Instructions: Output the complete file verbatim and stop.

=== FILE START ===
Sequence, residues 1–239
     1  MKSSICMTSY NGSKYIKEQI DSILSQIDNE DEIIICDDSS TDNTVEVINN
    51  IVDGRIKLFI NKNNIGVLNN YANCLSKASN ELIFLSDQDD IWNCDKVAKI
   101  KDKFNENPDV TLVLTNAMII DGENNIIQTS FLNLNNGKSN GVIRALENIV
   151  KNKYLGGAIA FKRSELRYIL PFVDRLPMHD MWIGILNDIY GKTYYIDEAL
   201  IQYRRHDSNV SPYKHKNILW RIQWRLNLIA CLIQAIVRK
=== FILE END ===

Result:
Sequence, residues 1–239
     1  MKSSICMTSY NGSKYIKEQI DSILSQIDNE DEIIICDDSS TDNTVEVINN
    51  IVDGRIKLFI NKNNIGVLNN YANCLSKASN ELIFLSDQDD IWNCDKVAKI
   101  KDKFNENPDV TLVLTNAMII DGENNIIQTS FLNLNNGKSN GVIRALENIV
   151  KNKYLGGAIA FKRSELRYIL PFVDRLPMHD MWIGILNDIY GKTYYIDEAL
   201  IQYRRHDSNV SPYKHKNILW RIQWRLNLIA CLIQAIVRK